Flann O’Brien and the Nonhuman: Animals, Environments, Machines

deadline for submissions: 
February 1, 2020
full name / name of organization: 
Katherine Ebury, Paul Fagan, John Greaney
contact email: 

Call for Papers

Edited Collection

 

Flann O’Brien and the Nonhuman: Animals, Environments, Machines

ed. Katherine Ebury, Paul Fagan, John Greaney

Recent years have seen a remarkable rise in studies dedicated to the nonhuman turn in Irish literary and modernist contexts. Yet this proposed collection posits that the writing of Brian O’Nolan (pseud. Flann O’Brien, Myles na gCopaleen) constitutes a significant gap in these critical conversations. This is a body of writing acutely suited to the concerns of animal studies, ecocriticism, ecofeminism, object oriented ontology, cyborg theory and posthumanist approaches, but which remains conspicuous by its absence in these debates. This volume of essays addresses and corrects this critical lacuna.

At first blush, readers might think of The Third Policeman’s uncanny landscapes and the 'monstrous exchange of tissue for metal' in the atomic hybridisation of people and bicycles; or of the cast of At Swim-Two-Birds, which includes the bird-man Sweeney, the Pooka MacPhellimey, and a cow who is called as a star witness in the author’s show trial. But this is an oeuvre in which conventional narratives of the human-nonhuman binary are troubled at all turns, whether in the author’s high modernist novels as Flann O’Brien, his newspaper columns, Irish-langauge work, and writing for stage, radio and television as Myles na gCopaleen, or his diverse short stories, non-fiction, and letters under an arsenal of pseudonyms and personae. For instance, in this broader canon we observe the brutal, rain-soaked landscapes, Irish-speaking pigs, and seals of An Béal Bocht; the protagonist’s strange metamorphosis into a train in ‘John Duffy’s Brother’; the columns’ recurrent concern with steam men, writing machines and pataphysical inventions; the donkey's tragedy in the late-career teleplay The Man with Four Legs; or Rhapsody in Stephen’s Green, O'Nolan's stage adaptation of Karel and Josef Čapek’s The Insect Play.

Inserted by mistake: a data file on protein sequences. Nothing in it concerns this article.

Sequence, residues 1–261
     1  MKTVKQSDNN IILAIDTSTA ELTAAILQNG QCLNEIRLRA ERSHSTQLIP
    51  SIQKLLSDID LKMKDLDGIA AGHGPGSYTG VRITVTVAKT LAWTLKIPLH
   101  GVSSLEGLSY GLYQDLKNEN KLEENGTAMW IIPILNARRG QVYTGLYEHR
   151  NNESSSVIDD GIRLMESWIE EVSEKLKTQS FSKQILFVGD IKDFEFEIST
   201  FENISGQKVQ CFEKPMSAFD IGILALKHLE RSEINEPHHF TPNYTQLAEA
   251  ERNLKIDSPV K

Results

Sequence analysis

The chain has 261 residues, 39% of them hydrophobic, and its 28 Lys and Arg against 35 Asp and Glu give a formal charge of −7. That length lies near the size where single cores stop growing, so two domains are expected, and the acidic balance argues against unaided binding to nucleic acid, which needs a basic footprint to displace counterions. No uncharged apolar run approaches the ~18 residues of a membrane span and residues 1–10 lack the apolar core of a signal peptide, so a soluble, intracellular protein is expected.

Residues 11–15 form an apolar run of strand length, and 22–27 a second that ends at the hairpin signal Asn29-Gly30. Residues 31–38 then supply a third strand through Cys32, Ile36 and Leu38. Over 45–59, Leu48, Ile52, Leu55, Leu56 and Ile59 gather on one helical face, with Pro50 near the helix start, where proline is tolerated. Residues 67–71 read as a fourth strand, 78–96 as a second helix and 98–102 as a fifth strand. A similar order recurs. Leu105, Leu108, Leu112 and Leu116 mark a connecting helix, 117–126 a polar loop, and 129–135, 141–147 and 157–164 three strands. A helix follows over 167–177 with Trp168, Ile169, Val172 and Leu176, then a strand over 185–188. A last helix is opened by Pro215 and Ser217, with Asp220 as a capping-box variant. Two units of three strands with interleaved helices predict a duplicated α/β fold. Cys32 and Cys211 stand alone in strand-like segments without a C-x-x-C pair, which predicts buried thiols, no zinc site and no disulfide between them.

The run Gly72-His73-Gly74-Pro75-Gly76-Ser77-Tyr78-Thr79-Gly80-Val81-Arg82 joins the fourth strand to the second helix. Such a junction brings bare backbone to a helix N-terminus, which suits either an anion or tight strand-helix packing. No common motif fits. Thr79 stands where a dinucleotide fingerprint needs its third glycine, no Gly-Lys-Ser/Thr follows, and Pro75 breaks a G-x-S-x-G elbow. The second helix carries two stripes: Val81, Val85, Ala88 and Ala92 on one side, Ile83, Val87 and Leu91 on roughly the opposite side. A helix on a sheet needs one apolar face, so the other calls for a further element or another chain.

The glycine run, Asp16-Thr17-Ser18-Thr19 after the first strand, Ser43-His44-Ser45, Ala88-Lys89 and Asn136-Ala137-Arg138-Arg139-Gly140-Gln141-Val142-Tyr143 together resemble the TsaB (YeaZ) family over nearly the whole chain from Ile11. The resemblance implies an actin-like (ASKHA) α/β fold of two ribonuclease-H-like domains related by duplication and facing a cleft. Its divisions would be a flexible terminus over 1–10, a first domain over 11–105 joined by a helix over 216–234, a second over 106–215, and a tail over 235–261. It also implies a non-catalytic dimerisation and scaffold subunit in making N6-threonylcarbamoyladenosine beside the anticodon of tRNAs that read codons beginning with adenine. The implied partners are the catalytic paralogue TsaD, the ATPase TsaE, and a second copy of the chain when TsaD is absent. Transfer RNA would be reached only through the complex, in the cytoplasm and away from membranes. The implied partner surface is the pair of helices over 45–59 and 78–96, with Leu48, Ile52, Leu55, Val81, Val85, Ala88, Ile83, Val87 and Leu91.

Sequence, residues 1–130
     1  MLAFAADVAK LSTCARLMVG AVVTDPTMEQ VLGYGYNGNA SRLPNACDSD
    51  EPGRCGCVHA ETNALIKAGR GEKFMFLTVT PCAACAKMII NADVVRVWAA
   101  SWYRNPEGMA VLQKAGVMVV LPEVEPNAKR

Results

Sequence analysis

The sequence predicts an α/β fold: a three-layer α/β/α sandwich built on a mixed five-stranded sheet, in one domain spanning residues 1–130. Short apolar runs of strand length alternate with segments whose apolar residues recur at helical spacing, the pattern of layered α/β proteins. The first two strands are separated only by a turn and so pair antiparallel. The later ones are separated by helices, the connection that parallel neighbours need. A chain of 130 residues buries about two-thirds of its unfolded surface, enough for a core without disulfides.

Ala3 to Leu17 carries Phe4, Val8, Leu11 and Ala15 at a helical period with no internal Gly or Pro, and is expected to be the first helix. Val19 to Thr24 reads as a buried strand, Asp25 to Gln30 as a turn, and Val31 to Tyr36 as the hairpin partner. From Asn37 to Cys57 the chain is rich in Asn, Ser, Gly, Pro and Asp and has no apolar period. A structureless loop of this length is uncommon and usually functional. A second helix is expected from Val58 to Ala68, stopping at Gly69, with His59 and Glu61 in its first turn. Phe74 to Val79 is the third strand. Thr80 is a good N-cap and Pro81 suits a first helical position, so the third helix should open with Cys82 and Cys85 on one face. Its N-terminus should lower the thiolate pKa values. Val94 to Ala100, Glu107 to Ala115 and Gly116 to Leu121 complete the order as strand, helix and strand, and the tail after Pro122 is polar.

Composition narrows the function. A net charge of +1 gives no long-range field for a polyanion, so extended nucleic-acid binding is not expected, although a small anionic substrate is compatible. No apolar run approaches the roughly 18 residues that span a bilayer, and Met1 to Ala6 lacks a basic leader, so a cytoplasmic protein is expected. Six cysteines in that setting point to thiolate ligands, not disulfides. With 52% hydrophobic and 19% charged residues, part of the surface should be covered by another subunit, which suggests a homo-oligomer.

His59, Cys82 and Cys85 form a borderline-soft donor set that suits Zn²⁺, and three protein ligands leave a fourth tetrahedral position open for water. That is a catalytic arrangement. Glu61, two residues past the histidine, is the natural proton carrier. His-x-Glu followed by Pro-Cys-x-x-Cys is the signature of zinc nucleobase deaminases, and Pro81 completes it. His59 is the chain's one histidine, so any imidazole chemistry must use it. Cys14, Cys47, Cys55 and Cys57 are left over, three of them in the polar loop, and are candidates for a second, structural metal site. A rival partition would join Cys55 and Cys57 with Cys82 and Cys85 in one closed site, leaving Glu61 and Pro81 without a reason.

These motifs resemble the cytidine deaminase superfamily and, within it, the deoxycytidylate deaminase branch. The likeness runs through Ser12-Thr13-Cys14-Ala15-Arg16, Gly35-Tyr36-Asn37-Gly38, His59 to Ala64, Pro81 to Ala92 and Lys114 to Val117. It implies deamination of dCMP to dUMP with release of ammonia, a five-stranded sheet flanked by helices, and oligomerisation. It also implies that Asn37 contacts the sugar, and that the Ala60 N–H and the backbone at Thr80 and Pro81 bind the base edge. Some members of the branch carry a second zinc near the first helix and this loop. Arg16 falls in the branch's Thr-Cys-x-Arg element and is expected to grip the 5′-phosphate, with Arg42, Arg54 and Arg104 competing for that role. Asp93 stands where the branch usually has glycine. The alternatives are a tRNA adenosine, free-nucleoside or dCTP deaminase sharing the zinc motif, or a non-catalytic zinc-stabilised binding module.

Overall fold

The editors invite proposals for chapters on all approaches to O’Nolan’s broader body of writing and its creative reception that are relevant to the volume’s themes, but are particularly interested in submissions that address:

 

  • O’Nolan’s Animals

  • O’Nolan’s Environments, Landscapes, and Ecologies

  • O’Nolan and the Anthropocene

  • O’Nolan’s Machines

  • O'Nolan's Technologies

  • Planes, Trains and Bicycles: O’Nolan’s Vehicles

  • O’Nolan and the Posthuman

  • O’Nolan and the Spectral

  • O’Nolan and Nonhuman/Geological Time

  • O’Nolan and Eco-Criticism/Eco-Feminism/Eco-Marxism

  • Vibrant Matter: O’Nolan and Object Oriented Ontology

  • Queering the Nonhuman in O’Nolan

  • Gendered Animals, Environments, Machines in O'Nolan

  • Agriculture, Food, and Eating Animals in O’Nolan

  • Technologies of Clothing in O'Nolan

  • Becoming-Animal in O’Nolan

  • O’Nolan and the Gaze of the Animal

  • O'Nolan and Biopolitics/Ecopolitics

  • Fuel, Energy, Extraction, Consumption

  • Coastlines, Islands, Archipelagos

  • Urban Landscapes

 

Please send bios and abstracts of no more than 500 words to k.ebury@sheffield.ac.uk, paul.fagan@univie.ac.at, and john.greaney@ucd.ie by 1 February 2020

 

Successful proposals will be invited to return a viable draft chapter of 6,000-7,000 words by 1 July 2020.